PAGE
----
Fabrics of Maharashtra - Paithani

Sarees have been a part of Indias culture for ages and no matter how modern the Indian woman has gotten, there is rarely one who would not be bewitched by this splendid length of garment. Saree references have been found during the Indus Valley Civilization and has also been mentioned in the Rig-veda, which is dated to be written in 3000 BC.


From daily wear to wedding trousseau, sarees have been an essential piece of clothing for the Indian woman. And even though more convenient forms of daily wear have taken over, the allure of this beautiful handloom art cannot be ignored. The paithani has been beautifully described as a poem made in silk and gold, and aptly so.

The tradition of handlooms of Maharashtra is centuries old and have seen some really glorious days in the past. Of the various styles of handlooms sarees that have been popular, very few remain to this day, and are almost fighting for survival. The advancement of machinery and powerlooms have surely affected the beautiful art of handloom weaves.

Paithani sarees, since ages had been known as precious garments, handwoven in silk and gold, for those with discerning and refined tastes and has been coveted in Maharashtra as a precious heirloom which is passed down from one generation to the next. Legend has it that in olden times the Paithani was traded in return for gold and precious stones. This truly royal fabric is still woven in the traditional ways and is renowned as the “Mahavastra” – the great, royal fabric, fit to be worn at weddings and special occasions. No wonder its been one of the most important piece in any girls wedding trousseau.

Of all the handlooms being woven in Maharashtra, Paithani remains the most well known for its intricate weaves and richness. The art of Paithani weaving is almost 2000 year old and have evolved over this period. Flourishing in the town of Paithan, from where the name also originates, the motifs and designs on Paithanis have been heavily inspired by paitnings and sculptures found in the Ajanta and Ellora caves. The earliest of the Paithani sarees were woven in the best quality cotton and then progressed to be woven in silk. The easiest way to identify a real paithani weave is to check the reverse of the weave which should exactly replicate the front design and should be void of any loose threads. That being said, a lot of jacquard work is now also incorporated to create more colourful patterns in the Paithani.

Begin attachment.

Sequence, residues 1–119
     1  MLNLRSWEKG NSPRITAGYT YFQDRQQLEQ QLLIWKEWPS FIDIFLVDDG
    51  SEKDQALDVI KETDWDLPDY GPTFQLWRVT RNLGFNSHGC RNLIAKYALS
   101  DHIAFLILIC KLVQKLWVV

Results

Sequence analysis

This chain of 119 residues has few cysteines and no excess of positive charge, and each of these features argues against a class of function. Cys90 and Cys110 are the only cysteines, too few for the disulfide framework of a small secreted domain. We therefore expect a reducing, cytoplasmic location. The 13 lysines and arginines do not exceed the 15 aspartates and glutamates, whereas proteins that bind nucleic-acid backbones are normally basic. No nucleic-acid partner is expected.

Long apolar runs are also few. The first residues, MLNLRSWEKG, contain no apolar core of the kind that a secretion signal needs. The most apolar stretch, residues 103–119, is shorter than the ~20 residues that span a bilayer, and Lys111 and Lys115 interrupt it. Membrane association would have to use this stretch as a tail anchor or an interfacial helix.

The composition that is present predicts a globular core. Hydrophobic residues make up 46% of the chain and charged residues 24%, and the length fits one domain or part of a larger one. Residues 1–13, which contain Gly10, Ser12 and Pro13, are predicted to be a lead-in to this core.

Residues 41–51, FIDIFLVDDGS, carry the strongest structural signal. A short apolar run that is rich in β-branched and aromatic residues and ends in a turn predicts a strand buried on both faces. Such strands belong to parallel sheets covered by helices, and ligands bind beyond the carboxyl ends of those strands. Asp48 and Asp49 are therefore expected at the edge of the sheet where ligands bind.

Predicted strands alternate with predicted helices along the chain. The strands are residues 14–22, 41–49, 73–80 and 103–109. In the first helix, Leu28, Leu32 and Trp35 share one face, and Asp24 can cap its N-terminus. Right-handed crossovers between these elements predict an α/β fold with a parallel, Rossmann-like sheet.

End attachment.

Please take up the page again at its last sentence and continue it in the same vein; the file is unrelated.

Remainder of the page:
The Paithani saw many changes as various dynasties and kings rules Maharastra over the period but flourished the most as the Maratha empire took over. The Peshwa Daftar and other contemporary Maratha records are full of references to the Paithani, its golden brocade in particular and Paithani weaves on clothings like Rumal, Shela, Dupatta, Tivate, Batti, Dhoti, Khann, etc, show that the art was not limited to sarees in particular, and was a highly preferred garment by the royal men as well. Many references of orders for various Paithani garments have been found to be placed during the Maratha empire, and especially during Nanasaheb Peshwa’s period.

Even though now peacocks have become synonymous with the Paithani, so much so that a lot of ladies believe if there are no peacocks then its not a paithani, the Ajanta lotus motif was the most used on ancient paithanis. As time progressed, peacock being the beautiful bird that it is, became the most popular of the designs woven on a paithani. Floral designs have also been very popular, especially during the Peshwa times, but are also expensive to weave. While the peacock (mor), parrot (tota-maina/muniya) are well-known, some of the other designs are the Bangdi-mor (peacocks in a bangle), lotus (kamal/ajanta kamal), Asawali (vine/vel), swan (hans). The most typical lattice style woven border is known as the narali border.  Small buttas woven on a paithani also are in different shapes like paisley (kairi/kuyiri), flower, coin, star etc.

This art of weaving Paithanis was limited to Paithan city till almost the 17th century. Raghujibaba Patil, the founder of Yeola city, took along with him some families from among the expert weavers in the late 17th century from Paithan to Yeola. Besides paying them very handsome salaries, he provided them with all civic facilities. The weavers were sincere enough and devoted enough time and effort to their art and so were successful in making Yeola too a known name in textile markets. After that, Yeola Paithanis were popular next only to the Paithani Brocades of Paithan.

Another big reason for the decline of Paithani manufacturing in Paithan was the deadly attacks on the Paithan city in the late 17th century by the Pindharis. The textile industry fell prey to these brutal attacks and weavers took refuge to Yeola and other towns.

The paithanis, which were woven in gold and silver in during the times of Peshwas, were seen as a fabric fit for royalty and hence unaffordable for the commons. As times progressed and weaving techniques changed, the gold and silver zari was replaced by regular plated zari for economical reasons. The paithani though has not lost its lustre and still is as desired by every girl and woman in Maharashtra  and is also known as the “Mahavastra” – the great fabric for its royal heritage and the intricacy with which its woven. We hope this love for paithanis remain in centuries to come and we are able to carry on this tradition for many more generations.

Prices:
Paithanis in pure silk and good quality zari – begin at about Rs. 7500/- and can go up to Rs. 5L or more

To buy paithani sarees online please visit OnlyPaithani.com.


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